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If the team from had more time to work on the community features before the N-Gage launched, N-Gage Arena might have matched the success of X-Box Live. They are similar platforms: Both are full-featured on-device online services with alerts, tournaments, game rankings, chat, message boards and play-matching – all the features that transform a hardware platform into a community. Interestingly, both are descended from the original concept, architecture, features and policies. (Both the head of X-Box and its director of marketing came from the Sega family of companies.) But instead, N-Gage was now in danger and sinking fast.

In January 2005, Nokia handed the reins of its games unit to Gerard Wiener, the former COO of No stranger to tough battles, the Harvard-educated lawyer turned operations wizard had been the frontline commander during the two-year restructuring of and head of Nokia Network Games Solution Group since the acquisition.

As Wiener jumped in to stabilize the Nokia games business, he reportedly stepped on some toes. He started by shifting focus away from North America and Europe. Instead, Wiener’s games division sold handsets in China, Thailand and India in droves – over a million in 12 months, which significantly beat the prior year’s total sales and exceeded all internal and external targets, insiders confirm. Publicly, Nokia is stating 2.4 million N-Gage handsets are in the field.

At the same time he pushed for increasing worldwide device sales, Wiener and the former team were busy changing Nokia’s games unit’s entire business model. At E3 2005, Wiener announced a new strategy for Nokia’s game unit: N- Gage would move from a hardware device to a software platform operating on the family of Series 60 (Symbian) smartphones. At the same time, SNAP Mobile, a new, lighter-weight version of the proven technology, would function as a software platform for connected gaming on mass market Java phones. Because both platforms offer connectivity for mobile gaming by plugging into the N-Gage Arena, the result is a connected mobile gaming community spanning a vast number of handsets worldwide.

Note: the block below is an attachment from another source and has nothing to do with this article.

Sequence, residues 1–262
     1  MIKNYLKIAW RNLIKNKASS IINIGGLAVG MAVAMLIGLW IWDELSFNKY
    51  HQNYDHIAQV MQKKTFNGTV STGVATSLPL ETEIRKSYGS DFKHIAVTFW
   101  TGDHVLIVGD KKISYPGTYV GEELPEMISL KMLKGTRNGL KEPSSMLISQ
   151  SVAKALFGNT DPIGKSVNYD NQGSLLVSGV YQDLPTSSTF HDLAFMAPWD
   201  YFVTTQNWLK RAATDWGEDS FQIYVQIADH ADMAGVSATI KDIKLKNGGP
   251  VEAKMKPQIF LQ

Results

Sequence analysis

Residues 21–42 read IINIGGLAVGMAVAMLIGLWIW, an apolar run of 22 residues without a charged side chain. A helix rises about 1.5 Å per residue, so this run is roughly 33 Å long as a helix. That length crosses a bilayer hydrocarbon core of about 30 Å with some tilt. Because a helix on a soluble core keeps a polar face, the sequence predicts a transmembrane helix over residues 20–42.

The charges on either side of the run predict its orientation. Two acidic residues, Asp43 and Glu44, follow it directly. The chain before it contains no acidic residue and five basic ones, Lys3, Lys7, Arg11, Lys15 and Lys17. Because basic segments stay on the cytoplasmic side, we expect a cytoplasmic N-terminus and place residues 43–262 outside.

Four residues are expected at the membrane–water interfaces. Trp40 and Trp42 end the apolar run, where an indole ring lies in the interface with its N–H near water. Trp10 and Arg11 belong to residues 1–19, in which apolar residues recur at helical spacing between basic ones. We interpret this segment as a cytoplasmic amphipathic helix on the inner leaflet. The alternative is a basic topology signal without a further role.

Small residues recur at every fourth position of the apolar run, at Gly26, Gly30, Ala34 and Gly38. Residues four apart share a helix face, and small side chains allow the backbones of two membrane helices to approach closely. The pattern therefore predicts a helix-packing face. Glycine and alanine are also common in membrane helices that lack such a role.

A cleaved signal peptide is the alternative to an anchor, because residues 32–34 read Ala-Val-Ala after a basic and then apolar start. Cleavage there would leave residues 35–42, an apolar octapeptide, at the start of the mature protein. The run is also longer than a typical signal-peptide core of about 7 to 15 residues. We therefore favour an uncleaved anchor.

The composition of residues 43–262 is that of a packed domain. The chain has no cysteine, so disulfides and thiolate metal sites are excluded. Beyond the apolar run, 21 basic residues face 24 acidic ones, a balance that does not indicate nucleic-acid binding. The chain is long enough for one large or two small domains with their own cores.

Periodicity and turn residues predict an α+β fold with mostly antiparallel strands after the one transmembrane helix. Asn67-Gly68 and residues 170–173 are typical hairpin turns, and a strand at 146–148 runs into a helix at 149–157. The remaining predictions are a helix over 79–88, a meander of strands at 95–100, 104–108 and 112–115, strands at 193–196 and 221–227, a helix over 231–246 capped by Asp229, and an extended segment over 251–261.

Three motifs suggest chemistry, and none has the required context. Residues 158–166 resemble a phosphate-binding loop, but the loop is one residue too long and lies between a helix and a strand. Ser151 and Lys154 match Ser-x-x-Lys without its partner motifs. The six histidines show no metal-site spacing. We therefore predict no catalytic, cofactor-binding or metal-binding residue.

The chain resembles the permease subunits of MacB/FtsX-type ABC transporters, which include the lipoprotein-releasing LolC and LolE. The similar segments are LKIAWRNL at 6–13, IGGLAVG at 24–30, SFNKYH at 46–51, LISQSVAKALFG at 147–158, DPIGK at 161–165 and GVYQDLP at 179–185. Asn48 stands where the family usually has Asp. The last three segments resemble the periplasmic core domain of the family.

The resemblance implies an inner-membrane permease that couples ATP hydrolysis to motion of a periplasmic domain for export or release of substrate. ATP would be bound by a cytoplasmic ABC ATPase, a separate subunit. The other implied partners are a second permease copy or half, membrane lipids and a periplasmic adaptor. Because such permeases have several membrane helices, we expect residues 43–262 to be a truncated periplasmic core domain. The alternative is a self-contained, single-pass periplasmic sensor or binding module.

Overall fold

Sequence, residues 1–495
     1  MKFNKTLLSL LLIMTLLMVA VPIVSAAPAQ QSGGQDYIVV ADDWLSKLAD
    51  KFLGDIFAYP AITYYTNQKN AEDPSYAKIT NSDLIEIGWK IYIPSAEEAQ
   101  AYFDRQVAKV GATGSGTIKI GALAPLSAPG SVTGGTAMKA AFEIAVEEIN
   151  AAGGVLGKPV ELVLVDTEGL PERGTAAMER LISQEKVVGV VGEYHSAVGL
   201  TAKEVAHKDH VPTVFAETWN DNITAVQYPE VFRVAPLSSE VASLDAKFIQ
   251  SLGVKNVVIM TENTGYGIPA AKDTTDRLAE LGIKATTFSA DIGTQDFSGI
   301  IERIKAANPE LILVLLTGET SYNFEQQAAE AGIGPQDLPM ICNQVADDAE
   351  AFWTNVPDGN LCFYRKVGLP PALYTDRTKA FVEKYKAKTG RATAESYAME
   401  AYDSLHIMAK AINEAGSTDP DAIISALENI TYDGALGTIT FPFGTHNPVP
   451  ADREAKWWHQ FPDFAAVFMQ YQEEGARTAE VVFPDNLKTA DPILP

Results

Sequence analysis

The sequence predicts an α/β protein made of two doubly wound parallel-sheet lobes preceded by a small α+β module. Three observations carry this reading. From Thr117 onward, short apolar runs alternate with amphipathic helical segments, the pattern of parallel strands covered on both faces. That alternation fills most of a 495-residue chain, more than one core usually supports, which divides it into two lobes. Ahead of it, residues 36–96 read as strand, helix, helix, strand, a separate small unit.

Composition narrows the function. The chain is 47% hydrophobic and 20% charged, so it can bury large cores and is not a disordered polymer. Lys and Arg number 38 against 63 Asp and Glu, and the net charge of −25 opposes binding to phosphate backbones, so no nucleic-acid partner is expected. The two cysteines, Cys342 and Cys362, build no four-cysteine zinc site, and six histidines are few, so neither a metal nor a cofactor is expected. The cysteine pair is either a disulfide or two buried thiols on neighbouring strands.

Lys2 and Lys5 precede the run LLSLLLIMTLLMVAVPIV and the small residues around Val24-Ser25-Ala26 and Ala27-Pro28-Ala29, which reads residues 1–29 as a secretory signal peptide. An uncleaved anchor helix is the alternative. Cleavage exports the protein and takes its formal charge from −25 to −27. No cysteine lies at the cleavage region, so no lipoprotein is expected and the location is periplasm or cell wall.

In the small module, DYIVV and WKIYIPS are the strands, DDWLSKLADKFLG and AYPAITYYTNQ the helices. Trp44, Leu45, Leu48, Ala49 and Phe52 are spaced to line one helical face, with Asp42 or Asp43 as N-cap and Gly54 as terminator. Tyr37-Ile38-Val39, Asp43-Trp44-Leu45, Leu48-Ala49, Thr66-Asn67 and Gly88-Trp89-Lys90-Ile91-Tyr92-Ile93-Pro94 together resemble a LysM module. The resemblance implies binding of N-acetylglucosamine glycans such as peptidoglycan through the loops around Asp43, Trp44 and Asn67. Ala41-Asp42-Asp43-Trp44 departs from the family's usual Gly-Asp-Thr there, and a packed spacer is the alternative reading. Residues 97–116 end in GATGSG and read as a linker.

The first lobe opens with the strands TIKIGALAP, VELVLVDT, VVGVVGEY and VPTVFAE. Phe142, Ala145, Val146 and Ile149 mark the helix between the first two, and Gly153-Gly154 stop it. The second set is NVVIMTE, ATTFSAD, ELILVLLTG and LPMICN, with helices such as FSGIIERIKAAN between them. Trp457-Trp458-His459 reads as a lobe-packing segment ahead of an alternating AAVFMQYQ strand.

The shift to a software-based strategy addresses needs in the mobile gaming space in a way never before brought to the market. Nokia plans to sell 25 million smartphones in the next 12 months, which means they will have a huge installed base of game-capable devices. Countless millions more can be connected via the Java-based SNAP Mobile. If every Nokia phone has a community launcher application that connects users to games, music, other entertainment and to each other, we are looking at a massively important development. In other words, Nokia’s games strategy suddenly has real backbone and potential.

To Be, or Not To Be
The real test for Nokia is whether it can follow through on its strategy. Even as I researched this article, rumors circulated that Wiener is moving to a position outside of games. Why this would occur is unclear. Wiener himself would not comment, but other sources indicated he is slated for a new strategic position not directly involved in the games business. That in itself is a cause for concern. Nokia can ill afford to lose the momentum he started.

There are some promising signs, such as rumors of talks with major third-party publishers and potential partnerships with Sun to promote the Java-based SNAP Mobile, but without some continuity at the helm, it’s easy to be worried about Nokia’s ability to stay on target. A recent embarrassing announcement by a high-ranking Nokia executive rekindled rumors of the demise of Nokia gaming and perhaps highlighted Nokia’s own confusion on gaming without Wiener to guide them.

Clearly, Nokia came a long way in the past year. Let’s hope those labors were not in vain. As they say, the jury is still out.

Max Steele is an enigma wrapped inside a riddle. When not actively being mysterious, he passes his time manipulating time and space to fit his plans for world domination.